Sick-Leave Abuse at State Facilities Must Be Stopped
Here we go again: Another special day, another opportunity for unscru-pulous state employees to abuse the system.
Imagine any business operation scheduling 29 employees for duty, but only nine showing up. It's appalling -- but it's what happened at the Women's Community Correctional Center on Mother's Day, which then forced the cancellation of visits for the day.
Unfortunately, it was just the latest sick-day episode plaguing the state's prisons system. Since the start of the year, the Oahu Community Correctional Center has canceled a whopping 18 of 22 visitation days, due to staff shortages because adult corrections officers (ACOs) called in sick.
Outages tend to occur on weekends, especially around big sports events: on Super Bowl Sunday, for instance, about a third of 214 scheduled ACOs called in sick. Many of the guards who do show up work double shifts, which strains both alertness and the overtime budget. Prison overtime cost taxpayers $2.6 million in fiscal 2013.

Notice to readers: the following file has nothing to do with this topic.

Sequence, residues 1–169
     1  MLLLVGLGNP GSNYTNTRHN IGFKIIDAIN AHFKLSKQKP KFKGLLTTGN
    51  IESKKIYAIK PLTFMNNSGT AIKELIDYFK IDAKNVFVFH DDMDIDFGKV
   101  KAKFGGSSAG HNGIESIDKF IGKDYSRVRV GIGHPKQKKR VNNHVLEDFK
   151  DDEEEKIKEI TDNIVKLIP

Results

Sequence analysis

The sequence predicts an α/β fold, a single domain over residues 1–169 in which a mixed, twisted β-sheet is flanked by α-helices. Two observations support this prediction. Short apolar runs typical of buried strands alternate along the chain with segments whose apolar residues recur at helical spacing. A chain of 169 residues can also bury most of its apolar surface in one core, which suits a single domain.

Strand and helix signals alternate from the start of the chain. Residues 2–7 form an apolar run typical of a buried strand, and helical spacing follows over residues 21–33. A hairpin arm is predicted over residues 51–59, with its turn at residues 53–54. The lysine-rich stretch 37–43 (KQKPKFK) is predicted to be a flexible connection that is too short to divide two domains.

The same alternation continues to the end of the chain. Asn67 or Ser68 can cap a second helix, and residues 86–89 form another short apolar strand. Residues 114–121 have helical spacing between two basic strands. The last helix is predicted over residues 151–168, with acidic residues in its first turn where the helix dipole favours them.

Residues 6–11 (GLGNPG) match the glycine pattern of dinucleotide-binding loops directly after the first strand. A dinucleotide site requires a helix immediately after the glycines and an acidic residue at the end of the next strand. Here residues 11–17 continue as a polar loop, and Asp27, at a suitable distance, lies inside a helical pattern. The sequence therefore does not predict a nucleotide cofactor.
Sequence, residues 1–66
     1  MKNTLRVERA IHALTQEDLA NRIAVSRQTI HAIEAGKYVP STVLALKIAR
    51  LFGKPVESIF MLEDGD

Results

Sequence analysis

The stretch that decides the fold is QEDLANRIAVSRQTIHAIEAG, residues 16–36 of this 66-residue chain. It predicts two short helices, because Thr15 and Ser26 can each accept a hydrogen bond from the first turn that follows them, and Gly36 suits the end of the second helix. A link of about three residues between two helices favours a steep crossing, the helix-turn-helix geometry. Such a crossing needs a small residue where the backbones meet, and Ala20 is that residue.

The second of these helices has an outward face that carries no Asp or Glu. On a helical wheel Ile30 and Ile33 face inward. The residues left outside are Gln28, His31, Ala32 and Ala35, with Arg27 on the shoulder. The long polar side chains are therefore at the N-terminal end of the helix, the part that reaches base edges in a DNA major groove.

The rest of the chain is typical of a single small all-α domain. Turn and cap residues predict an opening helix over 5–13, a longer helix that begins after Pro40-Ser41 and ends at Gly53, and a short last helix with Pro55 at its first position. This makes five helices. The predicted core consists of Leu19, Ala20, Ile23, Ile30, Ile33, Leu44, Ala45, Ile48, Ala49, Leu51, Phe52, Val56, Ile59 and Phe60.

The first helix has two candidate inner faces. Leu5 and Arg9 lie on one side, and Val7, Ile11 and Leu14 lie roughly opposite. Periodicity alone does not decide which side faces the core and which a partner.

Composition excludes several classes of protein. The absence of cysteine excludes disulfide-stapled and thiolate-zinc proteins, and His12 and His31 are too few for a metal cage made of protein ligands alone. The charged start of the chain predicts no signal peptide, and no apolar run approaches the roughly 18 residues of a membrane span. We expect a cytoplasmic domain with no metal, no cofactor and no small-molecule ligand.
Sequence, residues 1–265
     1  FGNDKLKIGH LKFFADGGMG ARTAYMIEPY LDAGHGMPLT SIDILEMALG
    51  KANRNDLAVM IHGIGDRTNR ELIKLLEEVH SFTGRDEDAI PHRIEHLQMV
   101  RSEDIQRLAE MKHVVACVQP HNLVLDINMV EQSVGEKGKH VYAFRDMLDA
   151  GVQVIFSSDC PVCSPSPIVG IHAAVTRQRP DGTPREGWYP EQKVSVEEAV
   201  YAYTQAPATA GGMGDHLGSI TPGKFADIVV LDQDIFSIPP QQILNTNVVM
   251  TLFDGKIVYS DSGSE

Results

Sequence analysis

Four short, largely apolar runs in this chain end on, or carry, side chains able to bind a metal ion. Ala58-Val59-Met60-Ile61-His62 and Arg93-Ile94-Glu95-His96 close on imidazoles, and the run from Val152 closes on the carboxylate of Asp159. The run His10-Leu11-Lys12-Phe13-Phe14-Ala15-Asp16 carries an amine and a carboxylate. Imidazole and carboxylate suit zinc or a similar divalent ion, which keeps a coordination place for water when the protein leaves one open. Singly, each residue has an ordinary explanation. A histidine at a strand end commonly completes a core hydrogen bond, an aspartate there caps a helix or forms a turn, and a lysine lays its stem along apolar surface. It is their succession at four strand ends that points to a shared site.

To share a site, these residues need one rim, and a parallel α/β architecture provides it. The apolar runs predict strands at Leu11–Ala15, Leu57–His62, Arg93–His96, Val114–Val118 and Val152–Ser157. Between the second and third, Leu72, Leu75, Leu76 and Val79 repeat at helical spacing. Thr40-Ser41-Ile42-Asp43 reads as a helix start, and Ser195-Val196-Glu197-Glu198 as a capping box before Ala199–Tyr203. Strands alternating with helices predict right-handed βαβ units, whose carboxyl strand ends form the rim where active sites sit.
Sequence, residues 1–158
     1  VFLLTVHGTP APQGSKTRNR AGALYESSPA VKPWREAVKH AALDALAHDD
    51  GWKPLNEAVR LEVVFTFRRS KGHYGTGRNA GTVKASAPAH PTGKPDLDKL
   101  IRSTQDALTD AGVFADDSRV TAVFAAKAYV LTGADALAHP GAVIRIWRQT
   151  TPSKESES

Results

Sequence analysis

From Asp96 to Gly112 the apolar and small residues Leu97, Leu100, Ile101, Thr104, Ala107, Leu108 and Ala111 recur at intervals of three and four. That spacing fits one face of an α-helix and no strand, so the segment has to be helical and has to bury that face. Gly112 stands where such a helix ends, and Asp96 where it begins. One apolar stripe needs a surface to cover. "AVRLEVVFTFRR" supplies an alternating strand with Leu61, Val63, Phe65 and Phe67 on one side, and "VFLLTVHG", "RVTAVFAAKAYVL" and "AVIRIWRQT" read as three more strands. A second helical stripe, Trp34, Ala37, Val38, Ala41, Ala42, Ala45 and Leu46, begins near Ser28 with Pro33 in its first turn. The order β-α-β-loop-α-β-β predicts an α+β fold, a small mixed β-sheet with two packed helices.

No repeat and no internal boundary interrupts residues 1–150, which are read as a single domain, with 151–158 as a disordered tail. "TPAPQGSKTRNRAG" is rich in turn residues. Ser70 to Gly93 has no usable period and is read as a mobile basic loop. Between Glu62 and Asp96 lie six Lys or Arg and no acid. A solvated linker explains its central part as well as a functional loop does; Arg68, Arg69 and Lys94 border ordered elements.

Gov. Neil Abercrombie has made a vigorous push for returning Hawaii inmates from mainland prisons; about 30 percent of our inmates are on the mainland, and the state is nearing the end of a three-year, $136.5 million contract with a private operator housing some 1,700 Hawaii inmates in Arizona prisons.
Much of the rationale for return involves saving money, but much also is made about the rehabilitative benefits to inmates having family and a support system nearby.
Studies show that such interaction during incarceration does translate into more successful integration upon release and lowered recidivism -- and that's ultimately good for lowering crime in communities.
But that rationale sounds terribly tinny if the Abercrombie administration doesn't get a handle on chronic cancellation of visitation days, caused by staffers' overtime abuse; no visitation nullifies the need for prison proximity.
Adding to the alarm about the prisons situation were revelations this week about overtime abuse also occurring regularly at the Hawaii State Hospital in Kaneohe. …